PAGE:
Spend time outside of raid talking with your co-healers in a more casual environment.  Ask them what their spells do, what their class strengths and weaknesses are, what their “OH CRAP!” button is.  Knowing what tools the other guys have will help you to use yours more effectively.  Did you know that Shamans increase the health of the player they’re healing?  Did you know that Discipline Priests priests put a buff on players by healing them that allows future heals to heal for more?  It’s called Grace, read up on it.  Oh, and Grace doesn’t affect Atonement.

Over time you and your co-healers should begin to work more in sync, and what I have outlined above can help to greatly increase the synergy.  You’ll get to the point that a single phrase can communicate the next 30 seconds of the fight.  No, I’m not talking about “Initiate Plan Delta Alpha Tango!”  I know that my Shaman co-healer will drop his Mana Tide Totem once all the healers have burned through a set amount of mana.  The problem with this can be that my Innervate and his Mana Tide Totem don’t stack, effectively wasting my CD.  My healing addon lets me track the mana of party members; if I’m planning to use my Innervate and the other two are starting to approach the point that he’s going to use his Totem, all I have to say is “Hold on to that Mana Tide Totem.”  Just from that, he knows that I’m aware of the other two closing in on the need for mana, that I’m lower on mana than they are, and that I want to utilize my Innervate before he uses his Totem.  Sometimes he drops it shortly after my Innervate drops off, other times he doesn’t end up using it because raid damage has slowed and our mana bars are refilling passively.

The trick to the example above is that you have to also be aware of the other healers and their mana burn rates.  Sure, you want to be able to use your Innervate as much as possible, but by telling a Shaman to hold off on his Totem, are you jepardizing him and the other healer later in the fight?  You must be aware of these things.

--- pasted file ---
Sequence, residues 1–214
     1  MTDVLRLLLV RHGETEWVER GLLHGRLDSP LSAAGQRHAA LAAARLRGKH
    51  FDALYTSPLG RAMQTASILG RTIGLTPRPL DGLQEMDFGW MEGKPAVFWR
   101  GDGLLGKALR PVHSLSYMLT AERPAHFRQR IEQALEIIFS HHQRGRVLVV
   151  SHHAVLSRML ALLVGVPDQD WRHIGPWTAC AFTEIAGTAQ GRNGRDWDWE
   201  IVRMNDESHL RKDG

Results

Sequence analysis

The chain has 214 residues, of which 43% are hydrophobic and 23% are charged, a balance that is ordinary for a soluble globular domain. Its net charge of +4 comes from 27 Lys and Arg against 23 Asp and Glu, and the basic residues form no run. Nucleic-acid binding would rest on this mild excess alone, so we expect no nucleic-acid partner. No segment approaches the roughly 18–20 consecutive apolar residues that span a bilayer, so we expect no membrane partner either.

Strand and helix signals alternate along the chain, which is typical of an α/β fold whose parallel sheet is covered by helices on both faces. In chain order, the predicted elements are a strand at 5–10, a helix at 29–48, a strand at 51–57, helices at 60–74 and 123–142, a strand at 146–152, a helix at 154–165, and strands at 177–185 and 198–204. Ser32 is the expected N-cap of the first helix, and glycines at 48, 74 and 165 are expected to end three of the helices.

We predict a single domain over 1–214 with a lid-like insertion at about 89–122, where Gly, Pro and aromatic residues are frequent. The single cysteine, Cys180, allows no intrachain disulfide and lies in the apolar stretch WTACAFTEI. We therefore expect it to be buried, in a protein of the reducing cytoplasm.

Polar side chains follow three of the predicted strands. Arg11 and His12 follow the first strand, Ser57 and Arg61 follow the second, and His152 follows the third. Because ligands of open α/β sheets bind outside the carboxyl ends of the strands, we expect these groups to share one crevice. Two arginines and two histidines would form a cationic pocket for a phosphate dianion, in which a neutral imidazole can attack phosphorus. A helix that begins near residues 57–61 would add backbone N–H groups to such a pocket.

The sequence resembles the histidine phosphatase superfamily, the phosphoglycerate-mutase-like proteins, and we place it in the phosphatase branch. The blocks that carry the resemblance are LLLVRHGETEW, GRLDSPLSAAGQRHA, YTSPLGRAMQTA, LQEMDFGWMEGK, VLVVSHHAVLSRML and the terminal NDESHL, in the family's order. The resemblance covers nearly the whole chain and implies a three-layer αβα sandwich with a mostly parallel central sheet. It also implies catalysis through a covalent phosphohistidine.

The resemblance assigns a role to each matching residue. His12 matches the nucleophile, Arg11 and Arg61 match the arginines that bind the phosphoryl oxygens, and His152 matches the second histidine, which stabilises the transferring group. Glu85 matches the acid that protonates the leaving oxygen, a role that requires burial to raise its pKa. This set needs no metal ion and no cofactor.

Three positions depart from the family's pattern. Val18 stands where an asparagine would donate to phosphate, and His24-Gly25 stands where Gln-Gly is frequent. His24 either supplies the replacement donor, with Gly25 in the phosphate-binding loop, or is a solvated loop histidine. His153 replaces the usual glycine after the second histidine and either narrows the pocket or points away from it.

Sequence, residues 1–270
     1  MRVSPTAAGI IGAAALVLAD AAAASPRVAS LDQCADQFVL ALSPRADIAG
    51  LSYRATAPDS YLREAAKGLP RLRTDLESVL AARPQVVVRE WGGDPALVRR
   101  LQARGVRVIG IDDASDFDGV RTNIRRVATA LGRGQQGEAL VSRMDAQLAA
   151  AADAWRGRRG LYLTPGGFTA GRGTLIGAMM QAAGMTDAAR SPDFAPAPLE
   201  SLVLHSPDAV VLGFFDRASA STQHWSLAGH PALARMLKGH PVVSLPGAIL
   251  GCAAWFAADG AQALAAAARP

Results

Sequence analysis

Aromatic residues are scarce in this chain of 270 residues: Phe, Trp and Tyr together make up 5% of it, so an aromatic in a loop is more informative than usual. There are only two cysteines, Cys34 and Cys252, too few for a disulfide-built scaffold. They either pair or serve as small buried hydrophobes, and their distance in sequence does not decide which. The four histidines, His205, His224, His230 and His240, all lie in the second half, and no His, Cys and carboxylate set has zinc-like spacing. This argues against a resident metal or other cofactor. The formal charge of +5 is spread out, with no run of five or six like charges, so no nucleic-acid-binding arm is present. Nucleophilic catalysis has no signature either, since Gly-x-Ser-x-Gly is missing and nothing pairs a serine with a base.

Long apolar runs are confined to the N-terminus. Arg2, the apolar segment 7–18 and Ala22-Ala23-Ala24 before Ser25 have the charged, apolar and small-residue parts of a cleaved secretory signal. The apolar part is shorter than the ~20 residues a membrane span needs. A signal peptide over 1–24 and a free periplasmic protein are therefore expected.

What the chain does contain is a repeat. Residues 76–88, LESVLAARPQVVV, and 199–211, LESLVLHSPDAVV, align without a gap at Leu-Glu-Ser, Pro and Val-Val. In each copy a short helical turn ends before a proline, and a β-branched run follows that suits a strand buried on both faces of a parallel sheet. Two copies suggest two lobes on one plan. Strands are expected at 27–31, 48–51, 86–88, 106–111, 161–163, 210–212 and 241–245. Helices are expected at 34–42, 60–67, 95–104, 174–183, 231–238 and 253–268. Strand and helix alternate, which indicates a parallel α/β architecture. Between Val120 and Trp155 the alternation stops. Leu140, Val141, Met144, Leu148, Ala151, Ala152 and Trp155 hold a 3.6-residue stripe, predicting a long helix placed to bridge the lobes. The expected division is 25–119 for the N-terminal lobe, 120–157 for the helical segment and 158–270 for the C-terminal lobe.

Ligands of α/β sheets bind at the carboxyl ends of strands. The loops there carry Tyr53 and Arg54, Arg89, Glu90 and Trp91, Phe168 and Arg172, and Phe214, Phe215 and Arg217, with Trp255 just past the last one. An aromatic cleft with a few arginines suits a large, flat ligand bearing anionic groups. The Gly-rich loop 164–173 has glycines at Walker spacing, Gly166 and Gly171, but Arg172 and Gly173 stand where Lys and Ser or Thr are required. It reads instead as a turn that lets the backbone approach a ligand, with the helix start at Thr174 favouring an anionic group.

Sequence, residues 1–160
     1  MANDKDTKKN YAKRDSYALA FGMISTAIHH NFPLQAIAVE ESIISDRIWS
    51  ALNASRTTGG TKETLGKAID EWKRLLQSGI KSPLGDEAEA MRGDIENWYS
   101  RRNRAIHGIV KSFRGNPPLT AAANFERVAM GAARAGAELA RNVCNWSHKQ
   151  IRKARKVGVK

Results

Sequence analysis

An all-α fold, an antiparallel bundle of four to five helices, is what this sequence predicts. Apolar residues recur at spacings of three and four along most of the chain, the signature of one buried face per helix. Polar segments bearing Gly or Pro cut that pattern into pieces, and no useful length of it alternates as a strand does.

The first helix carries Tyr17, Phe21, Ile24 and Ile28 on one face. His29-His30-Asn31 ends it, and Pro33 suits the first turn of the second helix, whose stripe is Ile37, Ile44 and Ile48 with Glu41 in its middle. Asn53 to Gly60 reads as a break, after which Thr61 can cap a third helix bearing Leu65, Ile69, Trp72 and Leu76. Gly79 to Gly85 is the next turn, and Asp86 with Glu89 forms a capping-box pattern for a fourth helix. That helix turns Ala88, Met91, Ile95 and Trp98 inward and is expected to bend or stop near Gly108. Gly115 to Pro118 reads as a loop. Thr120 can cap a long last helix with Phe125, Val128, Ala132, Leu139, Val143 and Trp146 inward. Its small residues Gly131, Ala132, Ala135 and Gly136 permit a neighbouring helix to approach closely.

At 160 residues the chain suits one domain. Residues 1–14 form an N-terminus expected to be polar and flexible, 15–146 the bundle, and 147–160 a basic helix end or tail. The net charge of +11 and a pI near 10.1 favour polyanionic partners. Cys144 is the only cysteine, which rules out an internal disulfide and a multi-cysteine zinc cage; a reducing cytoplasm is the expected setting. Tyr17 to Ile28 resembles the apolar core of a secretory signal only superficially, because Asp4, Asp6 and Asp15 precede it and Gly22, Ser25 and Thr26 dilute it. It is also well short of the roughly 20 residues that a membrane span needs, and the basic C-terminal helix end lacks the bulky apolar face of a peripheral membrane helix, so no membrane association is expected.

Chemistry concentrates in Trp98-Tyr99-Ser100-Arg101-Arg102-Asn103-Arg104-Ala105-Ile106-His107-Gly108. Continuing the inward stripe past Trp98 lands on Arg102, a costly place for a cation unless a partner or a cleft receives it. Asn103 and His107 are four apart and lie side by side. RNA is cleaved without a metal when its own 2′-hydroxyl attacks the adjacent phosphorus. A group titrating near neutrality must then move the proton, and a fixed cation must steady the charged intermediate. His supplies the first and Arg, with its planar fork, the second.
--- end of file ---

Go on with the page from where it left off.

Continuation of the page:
Finally, practice.  LFR is a terrible place to practice working together; don’t even bother with it.  Every time your raid wipes you should be chatting, working together to determine what you could have done as healers to keep the raid up just a little bit longer.  Sometimes it’s a mechanic that one-shots the raid because someone screwed up.  Other times you and your healers are sucking wind for mana at the end of a fight; were you guys playing around at the beginning trying to outheal each other?

All things in time.  Take what I’ve said here and think about it and, as always, leave your thoughts in the comments below.





Day 03 – Your first day playing WoW

23 04 2013

So already I’m falling behind on this blog assignment, but I have a good reason, I swear…..I’m now on two raid teams.  Of course my Druid is still my main, but I’ve started tanking for our “third” raid team on my Paladin.  Anyway, on to today’s topic.

 

My first day of WoW is a bit fuzzy.  I remember hanging at my friend’s house who had given me the Recruit-A-Friend invite.  Installing and updating seemed to take forever.  At the time I had only bought Vanilla and BC, stating that I would purchase Wrath later on if I needed the expansion.  Maybe I’d be content with just BC.  Oh, how naive I was…

The opening cenematic was awe-inspiring; I especially enjoyed the opening to the Night Elf race.  My friend and I had already decided that I would play a Druid based on my desire to play support as well as get up in the bad guys’ faces when needed.  I had no clue about the roles in the game and how exclusive they are once specced.  I was used to playing a few FPSs where I could go Sniper but still carry a pistol for close range stuff.  I am grateful that my friend let me learn a lot of the role related stuff once in-game; it may have overloaded me with everything else there was to learn.